You have to understand the difference between an Update and an Upgrade.
An Update is a free change to add to the base code or as a bug fix within an existing Operating System. Such as the .8 added to 10.5.
An Upgrade is a complete new Operating System that must be purchased. Such as 10.5 Leopard to 10.6 Snow Leopard.
10.5 Leopard was based on Power PC code and was written to be able to run on both Power PC and Intel processors.
10.6 Snow Leopard has completely rewritten code and only runs on Intel Macs.
10.7 Lion used some 32 bit which allows it to run on Late 2006 through Early 2008 MacBooks and a lot of 64 bit code.
10.8 Mountain Lion is pure 64 bit, which excludes more systems than Lion did. It can only run on the Late 2008 through Mid 2010 MacBooks. It's not something you can add memory to, for example, as it involves the base architecture.
The 10.6 Snow Leopard DVD is back in the Apple online store. You will need to upgrade to it before you go any further. You can get it for $19.99. http://store.apple.com/us/product/MC573/mac-os-x-106-snow-leopard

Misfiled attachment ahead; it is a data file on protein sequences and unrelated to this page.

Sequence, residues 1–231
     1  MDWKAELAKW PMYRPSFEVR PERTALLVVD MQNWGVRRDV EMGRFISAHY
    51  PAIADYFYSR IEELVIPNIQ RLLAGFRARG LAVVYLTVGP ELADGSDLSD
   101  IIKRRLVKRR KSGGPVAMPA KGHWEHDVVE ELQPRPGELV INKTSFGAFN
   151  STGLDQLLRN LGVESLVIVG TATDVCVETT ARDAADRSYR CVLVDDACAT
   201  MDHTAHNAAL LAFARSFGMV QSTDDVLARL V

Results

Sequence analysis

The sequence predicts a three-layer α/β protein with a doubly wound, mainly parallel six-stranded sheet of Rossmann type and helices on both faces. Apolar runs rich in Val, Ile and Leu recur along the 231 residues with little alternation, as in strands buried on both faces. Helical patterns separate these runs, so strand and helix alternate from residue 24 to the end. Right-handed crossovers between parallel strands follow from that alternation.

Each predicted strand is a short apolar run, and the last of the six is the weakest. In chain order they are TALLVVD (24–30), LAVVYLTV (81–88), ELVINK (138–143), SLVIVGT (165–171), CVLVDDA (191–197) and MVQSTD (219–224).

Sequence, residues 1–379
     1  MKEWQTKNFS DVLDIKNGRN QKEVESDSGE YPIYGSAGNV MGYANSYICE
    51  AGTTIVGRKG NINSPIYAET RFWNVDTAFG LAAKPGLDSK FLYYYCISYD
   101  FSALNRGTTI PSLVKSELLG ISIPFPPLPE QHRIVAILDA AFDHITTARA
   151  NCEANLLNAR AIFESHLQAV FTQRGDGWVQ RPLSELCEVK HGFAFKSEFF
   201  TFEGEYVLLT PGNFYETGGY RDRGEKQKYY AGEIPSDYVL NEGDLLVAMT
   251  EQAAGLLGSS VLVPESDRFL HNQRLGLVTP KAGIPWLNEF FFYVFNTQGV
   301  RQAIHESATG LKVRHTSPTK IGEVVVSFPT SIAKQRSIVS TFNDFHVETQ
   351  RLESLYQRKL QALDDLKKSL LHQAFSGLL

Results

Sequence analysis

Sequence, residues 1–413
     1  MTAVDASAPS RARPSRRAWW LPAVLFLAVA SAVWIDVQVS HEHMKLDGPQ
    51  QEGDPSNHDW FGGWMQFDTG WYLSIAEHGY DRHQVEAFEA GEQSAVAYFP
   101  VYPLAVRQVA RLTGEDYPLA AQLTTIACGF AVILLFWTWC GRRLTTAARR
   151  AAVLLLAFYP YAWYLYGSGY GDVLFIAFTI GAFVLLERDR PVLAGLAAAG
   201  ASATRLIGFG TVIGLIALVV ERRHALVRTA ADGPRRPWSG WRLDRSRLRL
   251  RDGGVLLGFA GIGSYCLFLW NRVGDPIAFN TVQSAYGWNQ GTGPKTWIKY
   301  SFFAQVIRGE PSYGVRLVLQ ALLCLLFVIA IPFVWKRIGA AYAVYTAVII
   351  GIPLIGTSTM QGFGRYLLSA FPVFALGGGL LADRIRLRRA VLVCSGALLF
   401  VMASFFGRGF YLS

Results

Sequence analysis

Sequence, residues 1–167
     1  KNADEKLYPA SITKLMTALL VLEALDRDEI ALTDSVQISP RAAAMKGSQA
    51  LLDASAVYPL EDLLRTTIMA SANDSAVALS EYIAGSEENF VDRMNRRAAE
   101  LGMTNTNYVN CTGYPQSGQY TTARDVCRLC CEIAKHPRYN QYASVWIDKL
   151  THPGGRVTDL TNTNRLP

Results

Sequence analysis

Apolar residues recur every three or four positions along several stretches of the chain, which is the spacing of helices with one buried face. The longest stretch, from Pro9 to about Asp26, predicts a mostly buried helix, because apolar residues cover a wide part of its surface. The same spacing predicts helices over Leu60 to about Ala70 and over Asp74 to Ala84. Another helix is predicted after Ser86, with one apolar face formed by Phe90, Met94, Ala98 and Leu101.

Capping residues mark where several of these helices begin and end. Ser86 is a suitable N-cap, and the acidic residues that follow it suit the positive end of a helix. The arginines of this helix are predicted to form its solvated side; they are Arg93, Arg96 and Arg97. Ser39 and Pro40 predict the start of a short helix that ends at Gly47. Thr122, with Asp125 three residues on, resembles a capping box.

Mac OS 10.6 - Snow Leopard $19.99, Minimum of 1gb of RAM
Mac OS 10.7 – Lion $19.99 downloaded from the App Store, Minimum of 2gb of RAM, more is better
Mac OS 10.8 – Mountain Lion $19.99 downloaded from the App Store, Minimum of 2gb of RAM, more is better
The Early 2006 model 1,1 Core Duo can only run a maximum of 10.6 Snow Leopard.
The models Late 2006 Core 2 Duos 2,1 through Early 2008 4,1 can only run a maximum of 10.7 Lion.
The Late 2008 model 5,1 Aluminum Unibody through the Mid 2010 White Unibody model 7,1 can run 10.8 Mountain Lion.
To see which model you have go to the Apple in the upper left corner and select About This Mac, then click on More Info. When System Profiler comes up check the Model Identifier and post it back here.
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